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A Matter of Taste: The Complilation of In Memoriam

Eddie Small is the editor of the literary anthology ‘In Memoriam’, a book which celebrates the life of those who have given their body to science. He gives ShortbreadStories an insight as to how he approached such a delicate subject.

Image by Professor Calum Colvin courtesy of 'In Memoriam'

Publishing an anthology about death, and about the donation of bodies to science, brings some particular problems. Matters of taste and decorum need to be balanced against the need to make the content entertaining and interesting to readers, and so a plan of action has to be well thought through.

The original idea probably had two quite separate impetuses; the first, a Discovery Day Lecture on the imperative of body donation for the training of students, and the second, a discussion between Anna Day (Director of Dundee University Press) and Professor Kirsty Gunn (Chair of Creative Writing at the University) on the desire to pay tribute to donors after the annual Service of Thanksgiving in the University of Dundee Chaplaincy.

The idea of inviting professional writers to submit was neither brainstorming nor particularly difficult to arrange. Cambridge Emeritus Professor, John Carey, agreed to write a piece on John Donne; Scottish novelist Alan Warner, a particular friend to the University, readily agreed to write a bespoke piece, and Costa Prize winner, Christopher Reid, whose wife had donated her own body to science, submitted a specially-written poetic gem. Professor Aidan Day, University lecturer and recognised authority on the work of Tennyson, also submitted a piece which analysed one of Tennyson’s most famous works, the name of which, In Memoriam, doubled as the title for our own publication.

It was not difficult, either, to find creative writing students, past and present, and also medical students, talented enough to supply excellent pieces of apposite prose and poetry. It was additionally poignant, however, that the medical students who contributed had had the opportunity to work with the donated bodies to which their submissions allude. The real difficulty came in the knowledge that the single thing which would set this anthology apart would be the life-stories of some of the people who had donated their bodies.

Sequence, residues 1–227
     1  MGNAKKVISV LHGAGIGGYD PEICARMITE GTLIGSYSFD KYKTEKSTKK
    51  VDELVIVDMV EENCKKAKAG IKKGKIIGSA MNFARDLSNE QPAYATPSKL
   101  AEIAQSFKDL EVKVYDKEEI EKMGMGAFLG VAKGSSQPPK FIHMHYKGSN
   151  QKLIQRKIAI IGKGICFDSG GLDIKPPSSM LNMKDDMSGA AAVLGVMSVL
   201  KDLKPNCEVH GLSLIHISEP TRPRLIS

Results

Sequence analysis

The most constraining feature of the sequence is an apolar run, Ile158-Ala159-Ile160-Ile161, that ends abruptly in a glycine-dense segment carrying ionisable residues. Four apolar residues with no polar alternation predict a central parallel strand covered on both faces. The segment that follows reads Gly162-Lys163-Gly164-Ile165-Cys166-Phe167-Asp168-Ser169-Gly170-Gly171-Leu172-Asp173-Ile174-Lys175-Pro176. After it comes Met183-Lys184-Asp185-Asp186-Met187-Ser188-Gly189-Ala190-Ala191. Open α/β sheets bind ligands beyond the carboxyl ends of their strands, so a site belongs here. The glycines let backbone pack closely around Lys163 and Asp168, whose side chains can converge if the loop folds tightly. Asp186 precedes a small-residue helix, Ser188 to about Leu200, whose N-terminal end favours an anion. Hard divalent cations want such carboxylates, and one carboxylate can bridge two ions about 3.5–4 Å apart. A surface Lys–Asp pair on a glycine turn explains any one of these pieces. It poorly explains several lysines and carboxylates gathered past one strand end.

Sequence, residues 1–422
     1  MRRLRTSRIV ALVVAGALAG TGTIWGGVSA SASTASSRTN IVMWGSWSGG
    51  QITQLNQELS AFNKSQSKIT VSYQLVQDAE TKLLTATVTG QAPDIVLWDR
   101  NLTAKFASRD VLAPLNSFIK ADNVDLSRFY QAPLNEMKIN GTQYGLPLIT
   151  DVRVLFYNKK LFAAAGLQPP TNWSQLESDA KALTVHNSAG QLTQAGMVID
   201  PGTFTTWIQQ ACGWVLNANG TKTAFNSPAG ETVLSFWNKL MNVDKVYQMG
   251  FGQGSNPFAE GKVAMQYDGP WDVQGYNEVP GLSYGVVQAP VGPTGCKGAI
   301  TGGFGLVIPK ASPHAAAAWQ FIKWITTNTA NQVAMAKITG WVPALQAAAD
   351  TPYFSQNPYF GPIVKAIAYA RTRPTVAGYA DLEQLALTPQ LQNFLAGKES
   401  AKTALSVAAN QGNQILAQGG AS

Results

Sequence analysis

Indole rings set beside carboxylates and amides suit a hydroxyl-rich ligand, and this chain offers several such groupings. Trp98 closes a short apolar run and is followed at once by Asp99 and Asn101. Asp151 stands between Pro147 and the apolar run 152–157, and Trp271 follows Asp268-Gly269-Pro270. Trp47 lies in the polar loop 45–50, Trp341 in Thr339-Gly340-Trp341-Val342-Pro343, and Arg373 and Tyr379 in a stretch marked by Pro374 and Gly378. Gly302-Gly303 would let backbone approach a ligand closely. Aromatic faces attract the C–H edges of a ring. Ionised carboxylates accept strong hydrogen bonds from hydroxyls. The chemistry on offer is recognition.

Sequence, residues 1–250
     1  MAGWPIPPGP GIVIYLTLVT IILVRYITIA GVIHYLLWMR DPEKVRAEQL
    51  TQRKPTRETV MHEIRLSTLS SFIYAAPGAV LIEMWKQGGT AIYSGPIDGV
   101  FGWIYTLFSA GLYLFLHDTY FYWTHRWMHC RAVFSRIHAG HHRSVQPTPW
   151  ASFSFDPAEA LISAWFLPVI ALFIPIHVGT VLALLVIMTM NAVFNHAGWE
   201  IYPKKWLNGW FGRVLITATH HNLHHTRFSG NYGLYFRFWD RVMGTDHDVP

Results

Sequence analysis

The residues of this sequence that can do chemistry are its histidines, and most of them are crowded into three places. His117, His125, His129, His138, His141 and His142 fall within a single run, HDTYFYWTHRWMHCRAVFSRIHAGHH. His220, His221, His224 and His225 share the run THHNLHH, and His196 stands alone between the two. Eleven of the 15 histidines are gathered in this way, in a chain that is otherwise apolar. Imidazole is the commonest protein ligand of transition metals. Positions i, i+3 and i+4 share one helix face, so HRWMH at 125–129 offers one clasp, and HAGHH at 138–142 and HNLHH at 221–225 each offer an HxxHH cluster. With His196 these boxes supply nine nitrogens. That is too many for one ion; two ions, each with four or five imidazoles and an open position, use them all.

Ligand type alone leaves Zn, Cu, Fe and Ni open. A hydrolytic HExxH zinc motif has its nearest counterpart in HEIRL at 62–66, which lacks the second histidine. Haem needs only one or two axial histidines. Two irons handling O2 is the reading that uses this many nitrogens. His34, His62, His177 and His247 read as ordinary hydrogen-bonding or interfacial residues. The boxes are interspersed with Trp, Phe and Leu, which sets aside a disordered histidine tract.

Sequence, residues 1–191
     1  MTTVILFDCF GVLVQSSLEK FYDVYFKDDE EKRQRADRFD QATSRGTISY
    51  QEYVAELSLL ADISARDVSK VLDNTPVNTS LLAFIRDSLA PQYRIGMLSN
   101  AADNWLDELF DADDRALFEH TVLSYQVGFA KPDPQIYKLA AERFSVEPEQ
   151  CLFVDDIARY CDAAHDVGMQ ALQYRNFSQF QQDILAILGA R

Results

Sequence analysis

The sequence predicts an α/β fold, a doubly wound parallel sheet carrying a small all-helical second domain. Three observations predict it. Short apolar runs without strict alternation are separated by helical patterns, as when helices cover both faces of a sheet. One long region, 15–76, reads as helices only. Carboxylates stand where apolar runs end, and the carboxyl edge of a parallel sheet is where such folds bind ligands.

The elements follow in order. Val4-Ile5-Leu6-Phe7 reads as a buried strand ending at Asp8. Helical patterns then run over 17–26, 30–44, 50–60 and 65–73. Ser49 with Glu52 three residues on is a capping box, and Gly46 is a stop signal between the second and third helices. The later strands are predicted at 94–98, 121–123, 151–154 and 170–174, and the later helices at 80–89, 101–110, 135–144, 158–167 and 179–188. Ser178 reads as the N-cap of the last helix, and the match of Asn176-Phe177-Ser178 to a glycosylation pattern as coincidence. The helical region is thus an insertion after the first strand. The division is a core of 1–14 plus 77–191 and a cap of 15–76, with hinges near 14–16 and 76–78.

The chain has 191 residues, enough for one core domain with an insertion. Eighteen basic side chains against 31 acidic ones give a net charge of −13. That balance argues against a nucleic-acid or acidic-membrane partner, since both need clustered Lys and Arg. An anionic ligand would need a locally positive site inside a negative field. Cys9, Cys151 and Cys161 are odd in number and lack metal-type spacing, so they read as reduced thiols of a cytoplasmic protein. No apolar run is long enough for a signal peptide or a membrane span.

Getting these life-stories meant speaking to relatives who might be amenable to the idea. Getting a list of potentially amenable sets of relatives meant asking the co-operation of University bequeathal secretary, Vivienne McGuire, and her head of operations in the Department of Anatomy, Professor Sue Black. Both of these ladies were supportive and readily granted their help, but only if it met with the agreement of HM Inspector of Anatomy for Scotland, Professor Robert Wood.

I duly contacted Professor Wood and visited him at his Abernethy home. The decision to allow the approach to donors’ relatives was not one to be taken lightly. Although the supply of bodies almost always falls short of demand, particularly since the 2006 Anatomy Act which has meant a great increase in body parts required, overtly advertising for people to consider donation has always been considered indecorous and distasteful.

Professor Wood eventually agreed to our approaching relatives, providing the relevant civil servants at St Andrews House in Edinburgh gave their permission. The subsequent trip to Edinburgh resulted in the hoped-for green light to our project. Vivienne McGuire quickly supplied the aforementioned list and I was then tasked to make the initial contact with the relatives.